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Make sure you have the hardware required, your engineering notebook, and VEXcode V5 ready.

Materials Required:
Quantity Materials Needed

VEX V5 Classroom Starter Kit (with up-to-date firmware)


VEXcode V5 (latest version, Windows, macOS)


Engineering Notebook


StopOrDrive project from the previous Play page

The brain's screen can have more than one button.

This activity will let you program the robot to drive forward and turn left or right depending on which side of the brain's screen is pressed.

The three additional types of instructions that you will need during this activity are the following:

  • Drivetrain.turn(right);

  • number < 50

  • Brain.Screen.xPosition();

You can use the Help information inside of VEXcode V5 to learn about the instructions.

Step 1: Let's start by reviewing the StopOrDrive project.

Let's start by reviewing the StopOrDrive project.

The StopOrDrive project had the Clawbot stop if the screen was pressed, or else it had it drive forward.
The entire screen was one big button but in this next project, we want half the screen to be one button and the other half to be the other.

In order to split the screen into two buttons, we need to understand more about the layout of the screen.

  • Notice that the columns increase in number from left to right. The number of columns is 48 and the screen is 480 pixels wide.

  • Write down in your engineering notebook that the x-value on the screen is equal to the number of pixels measured from left to right.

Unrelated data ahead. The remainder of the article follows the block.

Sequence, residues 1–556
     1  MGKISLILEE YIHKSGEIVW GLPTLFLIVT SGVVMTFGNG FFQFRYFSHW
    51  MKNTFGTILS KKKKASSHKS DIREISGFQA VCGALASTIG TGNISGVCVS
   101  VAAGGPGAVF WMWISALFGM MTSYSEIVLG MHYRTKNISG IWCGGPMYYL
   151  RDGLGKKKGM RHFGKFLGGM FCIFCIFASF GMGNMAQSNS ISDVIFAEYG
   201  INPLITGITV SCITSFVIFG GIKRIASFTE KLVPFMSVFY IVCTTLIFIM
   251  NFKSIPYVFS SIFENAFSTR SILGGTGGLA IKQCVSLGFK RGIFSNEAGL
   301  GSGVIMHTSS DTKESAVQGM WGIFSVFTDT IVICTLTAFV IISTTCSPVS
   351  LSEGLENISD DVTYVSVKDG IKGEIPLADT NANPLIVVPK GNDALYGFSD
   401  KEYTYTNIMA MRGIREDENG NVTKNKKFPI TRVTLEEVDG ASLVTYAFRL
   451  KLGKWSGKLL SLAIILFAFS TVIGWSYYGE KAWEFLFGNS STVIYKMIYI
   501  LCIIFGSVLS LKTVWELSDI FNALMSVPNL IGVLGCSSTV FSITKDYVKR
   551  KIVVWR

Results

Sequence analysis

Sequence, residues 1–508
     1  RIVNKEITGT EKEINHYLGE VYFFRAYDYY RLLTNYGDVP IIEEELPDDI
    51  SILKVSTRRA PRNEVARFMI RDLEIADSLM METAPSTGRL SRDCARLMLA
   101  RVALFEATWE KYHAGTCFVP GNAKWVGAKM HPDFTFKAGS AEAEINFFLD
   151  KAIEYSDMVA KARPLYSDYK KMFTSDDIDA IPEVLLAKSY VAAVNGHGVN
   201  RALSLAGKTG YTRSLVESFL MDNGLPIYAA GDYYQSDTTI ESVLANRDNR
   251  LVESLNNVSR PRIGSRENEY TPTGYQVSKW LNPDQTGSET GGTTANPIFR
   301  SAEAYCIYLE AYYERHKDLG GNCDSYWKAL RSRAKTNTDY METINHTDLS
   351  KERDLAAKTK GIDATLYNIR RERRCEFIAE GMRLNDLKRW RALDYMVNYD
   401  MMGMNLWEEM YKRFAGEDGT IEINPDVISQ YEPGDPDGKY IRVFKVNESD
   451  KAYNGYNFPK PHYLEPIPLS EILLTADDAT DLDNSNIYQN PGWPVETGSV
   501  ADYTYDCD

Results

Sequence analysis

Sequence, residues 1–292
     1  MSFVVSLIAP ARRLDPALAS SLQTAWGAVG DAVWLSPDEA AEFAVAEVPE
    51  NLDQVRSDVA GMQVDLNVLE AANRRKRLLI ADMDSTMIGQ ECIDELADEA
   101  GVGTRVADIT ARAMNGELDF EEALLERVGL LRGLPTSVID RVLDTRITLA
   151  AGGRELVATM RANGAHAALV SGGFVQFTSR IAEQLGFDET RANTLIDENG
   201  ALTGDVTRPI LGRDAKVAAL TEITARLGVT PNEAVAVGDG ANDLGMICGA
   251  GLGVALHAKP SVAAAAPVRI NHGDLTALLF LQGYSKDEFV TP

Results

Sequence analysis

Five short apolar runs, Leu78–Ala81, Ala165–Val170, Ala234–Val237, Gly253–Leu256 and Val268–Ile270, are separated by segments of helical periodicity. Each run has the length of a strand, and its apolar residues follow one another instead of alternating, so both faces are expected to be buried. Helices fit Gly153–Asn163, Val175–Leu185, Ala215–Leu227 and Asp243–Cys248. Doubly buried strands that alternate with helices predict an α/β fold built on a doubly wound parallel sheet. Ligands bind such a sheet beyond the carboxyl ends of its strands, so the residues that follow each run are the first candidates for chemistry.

• What is the x-value of the center of the screen? For this activity, you can focus on the x-axis alone because you only need a left and right button.

Step 2: Programming for two buttons.

  • Save StopOrDrive as the LeftOrRight project.

  • Build the project below. It will have the Clawbot turn left or right when the screen is pressed, depending on the side it is pressed on.

  • Let's review what this project does.

    It keeps checking if the screen is pressed. If the screen isn't pressed it drives forward but if it is, it checks where the screen is pressed.

    If the press was on the left side (less than 240), it turns left. Otherwise, it turns right. We don't need another condition for when the x-value is greater than 240 because if it isn't less than 240 (turn left), it must be greater (turn right). We only have two buttons to worry about.

    The wait until Control instructions after each turn have the project wait until the screen is no longer being pressed before continuing.

  • Now that the project is done, download and run it to test how it works.

  • Take notes in your engineering notebook about how the buttons control the movements of the Clawbot.

Step 3: Adjust the project for a better User Experience.

When pressing the screen's buttons from behind the Clawbot as it drove forward, you pressed on the right side of the screen to turn left and on the left side of the screen to turn right. That is not a good User Experience. A User Experience is how well a user can interact with a User Interface to control a computer system. There is more information about User Interfaces in the Apply section of this lab.

In this case, we need to improve the User Interface in order to improve the User Experience.

  • Review the LeftOrRight project and revise it so that when the user presses the buttons from behind the Clawbot, the robot turns right when the user presses the left side of the screen. Or else, the Clawbot turns left.

  • Plan, test, and iterate on this project in your engineering notebook so that the project makes the Clawbot turn toward the side of the screen that the user is pressing from behind the Clawbot.